For other types of data such as address, the directive does not prescribe the format for how to record the data collected. Should the addresses be saved in a single string or in separate rows—for example, do you split the postcode from the main address? We know from existing data-sharing obligations across the world that the formats in each country are often different.
According to DAC7, platform operators have to determine whether the information collected from sellers is reliable and accurate. There are several challenges, many of which were discussed during a recent Bloomberg Tax panel. We outline three major issues below.
- A lack of reliable sources for tax number validation
Validating EU VAT numbers is relatively simple, thanks to the VIES system and access to local databases of the majority of the EU member countries. But most countries do not have a publicly available database to validate corporate or personal tax IDs. The eventual launch of a Government Verification Service (an electronic process available to platform operators for ascertaining the identity and tax residence of a seller) will simplify this process. It cannot come too soon.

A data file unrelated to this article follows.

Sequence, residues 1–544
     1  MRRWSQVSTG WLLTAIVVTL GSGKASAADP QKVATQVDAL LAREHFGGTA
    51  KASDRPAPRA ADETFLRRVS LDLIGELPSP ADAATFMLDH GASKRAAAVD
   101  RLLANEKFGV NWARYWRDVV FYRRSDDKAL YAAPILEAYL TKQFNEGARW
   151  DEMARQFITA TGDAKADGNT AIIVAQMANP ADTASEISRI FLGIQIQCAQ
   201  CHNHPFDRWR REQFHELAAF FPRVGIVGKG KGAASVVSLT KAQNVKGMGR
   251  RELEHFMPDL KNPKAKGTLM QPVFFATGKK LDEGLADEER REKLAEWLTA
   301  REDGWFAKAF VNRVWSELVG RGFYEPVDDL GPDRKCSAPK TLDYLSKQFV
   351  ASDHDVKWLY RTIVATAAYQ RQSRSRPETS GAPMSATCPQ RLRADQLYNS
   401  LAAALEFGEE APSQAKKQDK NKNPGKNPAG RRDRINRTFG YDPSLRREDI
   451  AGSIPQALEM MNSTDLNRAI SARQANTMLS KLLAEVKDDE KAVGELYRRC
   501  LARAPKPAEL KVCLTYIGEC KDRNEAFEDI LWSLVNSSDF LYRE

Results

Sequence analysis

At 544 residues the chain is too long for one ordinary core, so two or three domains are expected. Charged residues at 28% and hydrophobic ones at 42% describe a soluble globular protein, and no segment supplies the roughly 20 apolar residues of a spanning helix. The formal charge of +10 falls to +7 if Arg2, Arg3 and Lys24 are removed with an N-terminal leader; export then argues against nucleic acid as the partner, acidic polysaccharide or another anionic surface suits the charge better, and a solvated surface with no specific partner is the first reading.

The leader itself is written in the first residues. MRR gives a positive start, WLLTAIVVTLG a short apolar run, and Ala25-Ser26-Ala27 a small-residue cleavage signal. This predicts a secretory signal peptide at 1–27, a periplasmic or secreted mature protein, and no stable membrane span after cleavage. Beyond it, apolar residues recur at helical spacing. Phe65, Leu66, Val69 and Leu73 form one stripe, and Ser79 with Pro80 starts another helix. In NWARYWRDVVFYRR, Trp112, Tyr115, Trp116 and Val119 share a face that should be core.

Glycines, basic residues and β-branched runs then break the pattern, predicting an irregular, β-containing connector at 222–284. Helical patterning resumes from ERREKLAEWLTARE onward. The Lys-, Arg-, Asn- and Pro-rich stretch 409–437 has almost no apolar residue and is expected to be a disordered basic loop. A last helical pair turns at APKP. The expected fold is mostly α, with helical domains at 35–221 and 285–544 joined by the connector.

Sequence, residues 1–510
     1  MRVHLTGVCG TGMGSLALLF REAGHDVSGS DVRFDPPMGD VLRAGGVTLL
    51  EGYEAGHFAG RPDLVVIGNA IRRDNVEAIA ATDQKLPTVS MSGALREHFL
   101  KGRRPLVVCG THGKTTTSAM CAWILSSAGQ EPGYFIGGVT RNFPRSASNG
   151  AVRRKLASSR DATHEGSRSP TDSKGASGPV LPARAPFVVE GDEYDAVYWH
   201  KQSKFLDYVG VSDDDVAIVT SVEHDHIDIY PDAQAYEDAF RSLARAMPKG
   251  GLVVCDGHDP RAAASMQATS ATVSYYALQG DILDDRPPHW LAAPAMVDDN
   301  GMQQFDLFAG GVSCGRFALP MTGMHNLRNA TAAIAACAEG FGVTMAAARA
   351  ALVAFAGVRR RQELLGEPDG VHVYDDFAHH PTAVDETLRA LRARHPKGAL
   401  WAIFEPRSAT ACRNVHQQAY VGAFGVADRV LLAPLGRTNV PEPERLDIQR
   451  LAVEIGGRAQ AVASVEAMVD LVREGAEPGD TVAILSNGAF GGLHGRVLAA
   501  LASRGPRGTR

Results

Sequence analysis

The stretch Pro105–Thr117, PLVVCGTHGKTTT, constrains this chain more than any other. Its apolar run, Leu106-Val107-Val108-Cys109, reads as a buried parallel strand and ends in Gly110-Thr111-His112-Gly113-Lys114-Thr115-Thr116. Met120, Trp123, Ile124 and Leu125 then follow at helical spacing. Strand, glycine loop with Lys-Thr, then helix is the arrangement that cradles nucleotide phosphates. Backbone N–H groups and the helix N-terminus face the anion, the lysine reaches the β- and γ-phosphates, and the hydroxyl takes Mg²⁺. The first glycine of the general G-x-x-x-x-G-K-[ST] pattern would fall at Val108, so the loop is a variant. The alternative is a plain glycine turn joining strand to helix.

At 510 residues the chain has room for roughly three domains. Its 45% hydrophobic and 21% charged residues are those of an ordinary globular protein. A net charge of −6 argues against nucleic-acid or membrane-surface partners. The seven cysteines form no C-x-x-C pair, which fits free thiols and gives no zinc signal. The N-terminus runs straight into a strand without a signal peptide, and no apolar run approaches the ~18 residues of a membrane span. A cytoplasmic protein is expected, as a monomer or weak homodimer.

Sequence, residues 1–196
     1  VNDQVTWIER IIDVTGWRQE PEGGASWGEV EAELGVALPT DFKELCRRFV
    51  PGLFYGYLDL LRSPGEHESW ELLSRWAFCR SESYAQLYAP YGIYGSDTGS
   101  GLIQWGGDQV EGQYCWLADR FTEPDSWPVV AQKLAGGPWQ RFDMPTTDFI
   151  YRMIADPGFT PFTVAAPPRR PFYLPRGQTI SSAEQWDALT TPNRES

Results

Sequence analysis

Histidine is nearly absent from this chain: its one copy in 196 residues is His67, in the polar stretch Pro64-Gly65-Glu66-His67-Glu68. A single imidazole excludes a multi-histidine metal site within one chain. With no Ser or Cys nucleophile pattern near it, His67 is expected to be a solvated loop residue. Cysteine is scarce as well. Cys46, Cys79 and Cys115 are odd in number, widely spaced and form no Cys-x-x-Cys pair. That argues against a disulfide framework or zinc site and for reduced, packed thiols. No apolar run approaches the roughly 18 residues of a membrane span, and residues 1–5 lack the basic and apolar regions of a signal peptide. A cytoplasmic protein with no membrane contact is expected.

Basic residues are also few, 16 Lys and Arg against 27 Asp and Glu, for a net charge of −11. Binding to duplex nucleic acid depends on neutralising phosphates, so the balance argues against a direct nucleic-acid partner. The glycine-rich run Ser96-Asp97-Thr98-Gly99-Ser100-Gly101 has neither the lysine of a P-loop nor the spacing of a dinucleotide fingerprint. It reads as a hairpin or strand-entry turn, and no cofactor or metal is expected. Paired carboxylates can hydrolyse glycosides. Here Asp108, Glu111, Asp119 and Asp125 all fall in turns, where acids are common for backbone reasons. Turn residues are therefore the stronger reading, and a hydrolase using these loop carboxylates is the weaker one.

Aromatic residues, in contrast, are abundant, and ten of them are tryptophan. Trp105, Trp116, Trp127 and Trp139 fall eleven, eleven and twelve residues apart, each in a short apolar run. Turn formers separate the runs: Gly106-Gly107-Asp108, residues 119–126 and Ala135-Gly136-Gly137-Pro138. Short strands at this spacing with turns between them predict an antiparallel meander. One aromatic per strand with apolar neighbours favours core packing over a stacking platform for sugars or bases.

- Incomplete or out-of-date information on publicly available sites
It is possible to build checkers (such as format and algorithmic checks based on Organization for Economic Co-operation and Development and European Commission information) into the customer onboarding process. But the European Commission information is naturally limited to EU member states, and the OECD sources are not fully up to date. Even those measures do not fully validate IDs. In short, while collecting tax ID data can be relatively simple, validating the data is not. Further, tax ID formats are not static. For example, Argentina changed its format in July 2022 in order to make its IDs generic and non-binary. In the Netherlands, an individual’s VAT number was previously (almost) the same as their personal tax number (BSN), but the country decoupled the two in 2020. Platforms would do well to educate themselves on each country’s specific ID quirks.
- Real-time validations are difficult to execute